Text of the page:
CALDERDALE’S top cop says a campaign to re-open a town’s police station to the public is “unrealistic” in the face of Government spending cuts.
Halifax’s MP Linda Riordan has joined forces with Labour candidate for Sowerby Bridge Dave Draycott to call for the town’s police station to re-open so that people can call in.
Police officers are working from the station, on Station Road, but its front counter was shut as part of a West Yorkshire-wide scheme several years ago.
Former Conservative Parliamentary candidate Philip Allot and Calderdale Councillor Martin Peel (Con, Sowerby Bridge) called for the same action this time last year, collecting 1,000 signatures on a petition.
Mrs Riordan says she has more than 500 people signed up so far, and believes re-opening the station to the public would cut crime in the long run.
“With Government cuts starting to bite, it is important that we return to a policy of local policing in local communities,” she said.
“People like the reassurance of a local police presence, and what better way to do this than to re-open Sowerby Bridge police station?
“It’s about the value of the local policing service, not just the price of it.
“Sowerby Bridge residents want to see the station open and the police should be responsive to their wishes. In the long run I am sure it will help cut crime, thus saving money and freeing up other police to be a visible presence in the local community.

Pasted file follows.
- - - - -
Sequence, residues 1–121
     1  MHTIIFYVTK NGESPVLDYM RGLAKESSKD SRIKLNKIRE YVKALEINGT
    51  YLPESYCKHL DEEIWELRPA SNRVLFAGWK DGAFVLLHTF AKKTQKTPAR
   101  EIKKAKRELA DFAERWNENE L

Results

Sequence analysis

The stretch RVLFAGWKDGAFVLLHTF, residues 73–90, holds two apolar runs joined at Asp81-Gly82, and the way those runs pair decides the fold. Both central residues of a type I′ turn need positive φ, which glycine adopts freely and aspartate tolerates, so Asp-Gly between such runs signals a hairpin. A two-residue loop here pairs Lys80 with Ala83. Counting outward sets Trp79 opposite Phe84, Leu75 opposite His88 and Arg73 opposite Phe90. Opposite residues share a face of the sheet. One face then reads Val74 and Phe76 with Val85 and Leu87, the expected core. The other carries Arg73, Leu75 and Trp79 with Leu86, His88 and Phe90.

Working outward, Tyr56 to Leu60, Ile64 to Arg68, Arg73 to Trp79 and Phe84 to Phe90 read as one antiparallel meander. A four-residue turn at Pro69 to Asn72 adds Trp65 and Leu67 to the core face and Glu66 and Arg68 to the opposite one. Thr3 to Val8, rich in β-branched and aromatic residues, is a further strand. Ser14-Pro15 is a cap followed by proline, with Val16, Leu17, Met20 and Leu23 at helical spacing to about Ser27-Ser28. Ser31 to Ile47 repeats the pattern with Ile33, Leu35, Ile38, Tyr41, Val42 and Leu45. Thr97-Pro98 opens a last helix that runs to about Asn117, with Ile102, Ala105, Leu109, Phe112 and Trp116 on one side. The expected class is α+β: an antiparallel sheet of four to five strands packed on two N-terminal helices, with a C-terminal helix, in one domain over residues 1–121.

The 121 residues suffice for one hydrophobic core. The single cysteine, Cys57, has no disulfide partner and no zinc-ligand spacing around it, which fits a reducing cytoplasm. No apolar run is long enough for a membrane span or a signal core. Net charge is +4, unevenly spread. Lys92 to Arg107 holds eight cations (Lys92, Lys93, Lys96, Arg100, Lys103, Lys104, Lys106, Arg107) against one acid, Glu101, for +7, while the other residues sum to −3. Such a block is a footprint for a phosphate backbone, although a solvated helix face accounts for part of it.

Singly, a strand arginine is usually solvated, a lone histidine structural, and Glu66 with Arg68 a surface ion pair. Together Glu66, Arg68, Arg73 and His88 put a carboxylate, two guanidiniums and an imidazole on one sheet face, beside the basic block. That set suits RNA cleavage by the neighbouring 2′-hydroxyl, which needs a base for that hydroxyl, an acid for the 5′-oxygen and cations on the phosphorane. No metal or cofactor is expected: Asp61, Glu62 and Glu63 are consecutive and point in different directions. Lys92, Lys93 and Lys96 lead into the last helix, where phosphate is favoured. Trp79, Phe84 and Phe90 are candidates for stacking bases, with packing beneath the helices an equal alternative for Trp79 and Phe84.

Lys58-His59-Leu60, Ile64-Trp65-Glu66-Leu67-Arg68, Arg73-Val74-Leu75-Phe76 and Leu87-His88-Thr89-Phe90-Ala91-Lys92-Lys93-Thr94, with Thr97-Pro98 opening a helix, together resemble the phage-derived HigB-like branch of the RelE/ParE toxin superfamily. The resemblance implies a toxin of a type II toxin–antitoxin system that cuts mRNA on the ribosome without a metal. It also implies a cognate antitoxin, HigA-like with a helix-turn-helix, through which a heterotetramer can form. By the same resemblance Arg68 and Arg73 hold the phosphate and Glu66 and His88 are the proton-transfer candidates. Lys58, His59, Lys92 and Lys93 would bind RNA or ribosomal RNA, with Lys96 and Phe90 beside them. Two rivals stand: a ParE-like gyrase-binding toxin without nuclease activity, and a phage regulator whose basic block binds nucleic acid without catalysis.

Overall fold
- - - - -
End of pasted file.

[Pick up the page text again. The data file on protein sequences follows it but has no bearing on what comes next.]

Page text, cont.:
“A town the size of Sowerby Bridge should have a police station open to the public and that’s why so many people are signing the petition.”
But Calderdale Police’s divisional commander Chief Superintendent Alan Ford said the force would struggle to afford the idea.
“I’m afraid that in the current financial climate, the suggestion is unrealistic,” he said. “Of course in an ideal world we would open to the public in every town in Calderdale.
“We are all working extremely hard just to retain the levels of service we currently offer.
“To find new members of staff required to open the public counter and equip the counter to deal with members of the public would cost tens of thousands of pounds a year. That sort of money just doesn’t exist.
“The only way we could open the front counter would be by taking a frontline officer away from the beat and putting them behind a counter - I cannot imagine any community being happy with that. If any volunteers are willing to give their time freely to help to open a public counter, then of course we are happy to hear from them.”
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